Does it matter that I have an Nvidia GPU?

Not in the slightest.

Stay away from the E4300 because it will top out around 3.2Ghz but you can't use a 8x multi so there is no real point.

The 6420 should do perfectly @ 8x400 and a little more.
May 31, 2007 7:43:48 PM

Quote:
...Do I get the cheap 4300 and OC, or get the awesome and stable 6600 and OC up to 3.2 ghz? But then there's the 6420, which seems to be a good balance, especially with the 8X multiplier.

Just remember that the actual CPU you will be buying will not be from the same batch (or perhaps even same stepping) as those you've read about. In addition, reports of less dramatic OCing are less likely to be posted for obvious reasons. You may not be able to overclock your CPU as far as your paragraph above suggests, so buy something that you will be happy with even in the worst case where it can't be OC'd very much at all. In any case, you won't go wrong out of those three.
As for MBs, ratings at places like newegg are just about worthless. Instead, take a look at the manufacturer's tech support forum for each of the boards you're interested in. I know you'll see a lot of complaints/issues for at least one of those boards you've mentioned.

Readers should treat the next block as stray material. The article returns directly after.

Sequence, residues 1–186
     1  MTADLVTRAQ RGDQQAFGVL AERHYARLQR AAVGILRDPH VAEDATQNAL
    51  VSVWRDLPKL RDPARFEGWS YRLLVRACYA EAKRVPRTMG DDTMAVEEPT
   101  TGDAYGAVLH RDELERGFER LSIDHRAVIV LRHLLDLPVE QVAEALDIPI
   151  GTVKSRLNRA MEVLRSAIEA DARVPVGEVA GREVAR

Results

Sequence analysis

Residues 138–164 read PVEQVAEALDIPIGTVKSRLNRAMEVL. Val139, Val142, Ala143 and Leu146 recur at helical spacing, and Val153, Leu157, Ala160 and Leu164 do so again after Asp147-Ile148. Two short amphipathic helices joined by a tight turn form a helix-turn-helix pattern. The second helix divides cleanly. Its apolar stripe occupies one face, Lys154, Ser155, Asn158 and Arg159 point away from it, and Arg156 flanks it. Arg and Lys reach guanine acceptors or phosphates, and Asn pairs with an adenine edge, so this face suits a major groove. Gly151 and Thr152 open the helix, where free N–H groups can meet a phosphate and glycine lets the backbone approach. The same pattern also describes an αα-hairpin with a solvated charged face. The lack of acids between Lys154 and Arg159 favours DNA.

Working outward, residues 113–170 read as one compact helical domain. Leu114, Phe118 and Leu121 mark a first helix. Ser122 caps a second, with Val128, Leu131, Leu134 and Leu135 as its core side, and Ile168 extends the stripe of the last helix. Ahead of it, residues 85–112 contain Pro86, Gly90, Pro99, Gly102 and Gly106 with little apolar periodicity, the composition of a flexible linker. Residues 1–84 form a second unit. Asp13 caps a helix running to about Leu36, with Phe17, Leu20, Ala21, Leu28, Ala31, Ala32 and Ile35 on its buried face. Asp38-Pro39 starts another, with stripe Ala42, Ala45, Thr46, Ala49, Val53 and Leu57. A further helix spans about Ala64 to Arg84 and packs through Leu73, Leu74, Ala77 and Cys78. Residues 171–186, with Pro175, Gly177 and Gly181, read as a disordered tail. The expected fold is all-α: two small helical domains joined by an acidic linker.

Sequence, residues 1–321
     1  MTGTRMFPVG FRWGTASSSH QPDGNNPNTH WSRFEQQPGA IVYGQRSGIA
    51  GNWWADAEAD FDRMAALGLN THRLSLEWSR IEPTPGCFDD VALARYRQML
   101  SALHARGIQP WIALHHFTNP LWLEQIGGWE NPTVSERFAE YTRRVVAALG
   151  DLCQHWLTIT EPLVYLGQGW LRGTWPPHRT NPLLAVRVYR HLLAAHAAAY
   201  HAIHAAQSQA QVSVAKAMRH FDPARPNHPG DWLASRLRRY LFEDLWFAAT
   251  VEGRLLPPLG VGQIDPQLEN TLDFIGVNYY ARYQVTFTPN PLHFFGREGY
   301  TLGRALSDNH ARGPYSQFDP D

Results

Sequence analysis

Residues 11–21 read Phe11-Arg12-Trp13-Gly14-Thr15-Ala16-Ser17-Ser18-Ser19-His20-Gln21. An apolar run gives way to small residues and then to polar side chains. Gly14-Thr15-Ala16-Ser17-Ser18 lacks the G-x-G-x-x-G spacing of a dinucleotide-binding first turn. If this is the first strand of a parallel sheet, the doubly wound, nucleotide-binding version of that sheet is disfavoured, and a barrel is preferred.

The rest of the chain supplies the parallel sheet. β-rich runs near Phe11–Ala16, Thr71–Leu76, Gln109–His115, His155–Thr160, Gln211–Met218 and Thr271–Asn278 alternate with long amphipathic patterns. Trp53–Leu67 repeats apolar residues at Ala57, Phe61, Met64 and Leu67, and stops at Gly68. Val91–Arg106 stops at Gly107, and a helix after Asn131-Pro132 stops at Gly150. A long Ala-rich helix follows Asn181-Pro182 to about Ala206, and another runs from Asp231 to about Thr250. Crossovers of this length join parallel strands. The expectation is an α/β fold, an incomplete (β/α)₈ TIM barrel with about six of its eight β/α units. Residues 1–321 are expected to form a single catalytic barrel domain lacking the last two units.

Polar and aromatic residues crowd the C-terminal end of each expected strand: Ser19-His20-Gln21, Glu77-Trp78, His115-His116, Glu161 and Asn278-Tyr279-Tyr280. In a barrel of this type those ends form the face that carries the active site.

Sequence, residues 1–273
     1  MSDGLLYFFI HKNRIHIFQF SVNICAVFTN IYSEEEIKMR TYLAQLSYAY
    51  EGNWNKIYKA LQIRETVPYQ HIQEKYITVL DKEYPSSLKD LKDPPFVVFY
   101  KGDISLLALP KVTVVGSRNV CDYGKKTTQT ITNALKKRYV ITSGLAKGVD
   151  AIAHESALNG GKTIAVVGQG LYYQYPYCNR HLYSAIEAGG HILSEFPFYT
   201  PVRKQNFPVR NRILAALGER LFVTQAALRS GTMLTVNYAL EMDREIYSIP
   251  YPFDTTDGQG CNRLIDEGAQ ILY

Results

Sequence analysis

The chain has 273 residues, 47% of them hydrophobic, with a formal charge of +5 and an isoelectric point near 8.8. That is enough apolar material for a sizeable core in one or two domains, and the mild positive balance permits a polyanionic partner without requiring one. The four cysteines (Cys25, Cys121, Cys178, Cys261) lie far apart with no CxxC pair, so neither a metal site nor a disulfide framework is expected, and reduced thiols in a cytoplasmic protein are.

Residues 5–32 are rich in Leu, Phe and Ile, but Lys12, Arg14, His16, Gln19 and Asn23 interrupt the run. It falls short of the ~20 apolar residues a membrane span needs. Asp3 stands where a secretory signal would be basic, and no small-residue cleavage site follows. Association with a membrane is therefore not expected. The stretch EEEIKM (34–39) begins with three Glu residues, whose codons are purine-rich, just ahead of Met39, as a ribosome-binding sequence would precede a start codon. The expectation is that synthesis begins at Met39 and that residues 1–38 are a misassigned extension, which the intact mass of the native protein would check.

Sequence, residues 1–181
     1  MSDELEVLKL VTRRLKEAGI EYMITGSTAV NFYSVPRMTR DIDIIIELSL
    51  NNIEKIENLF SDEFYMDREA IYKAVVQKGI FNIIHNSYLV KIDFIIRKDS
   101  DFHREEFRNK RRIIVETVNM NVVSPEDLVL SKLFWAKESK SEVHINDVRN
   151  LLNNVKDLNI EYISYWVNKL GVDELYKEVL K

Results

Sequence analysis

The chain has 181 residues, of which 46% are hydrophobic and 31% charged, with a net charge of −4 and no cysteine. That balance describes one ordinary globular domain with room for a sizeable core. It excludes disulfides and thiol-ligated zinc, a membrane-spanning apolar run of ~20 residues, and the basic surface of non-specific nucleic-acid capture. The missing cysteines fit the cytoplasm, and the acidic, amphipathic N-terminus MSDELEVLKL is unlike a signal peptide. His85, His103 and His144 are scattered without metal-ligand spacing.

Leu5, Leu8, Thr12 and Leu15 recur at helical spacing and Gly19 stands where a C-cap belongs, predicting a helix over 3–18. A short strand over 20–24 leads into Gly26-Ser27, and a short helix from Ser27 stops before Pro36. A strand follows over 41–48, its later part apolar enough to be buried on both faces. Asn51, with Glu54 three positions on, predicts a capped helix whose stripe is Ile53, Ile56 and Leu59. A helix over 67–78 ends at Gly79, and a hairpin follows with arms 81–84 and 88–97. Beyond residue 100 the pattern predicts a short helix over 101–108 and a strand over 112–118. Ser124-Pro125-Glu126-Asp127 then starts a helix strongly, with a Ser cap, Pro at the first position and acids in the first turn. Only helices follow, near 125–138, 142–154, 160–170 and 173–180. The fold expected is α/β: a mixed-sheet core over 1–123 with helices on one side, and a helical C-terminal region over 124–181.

May 31, 2007 7:54:58 PM

Quote:
for the mobo, aim for a chipset... p35 boards just came out, it could be a good choice in order to get a good evolutivity toward ram and cpu support.


Does it matter that I have an Nvidia GPU?

Not in the slightest.

Stay away from the E4300 because it will top out around 3.2Ghz but you can't use a 8x multi so there is no real point.

The 6420 should do perfectly @ 8x400 and a little more.

Since it's his 1st build, why not the E4300? It's an affordable CPU, and he's over clocking (his 1st time) which voids the warranty. If something should go wrong with the CPU, at least it won't be something he spent over 200 (E6600 in mind) bucks for.

I don't understand why you say you can't use x8 on it. It uses speed step, and when disabled, you can specify the x8 multi, since it's stock multi is x9. So you can decrease it, but you can't go above x9.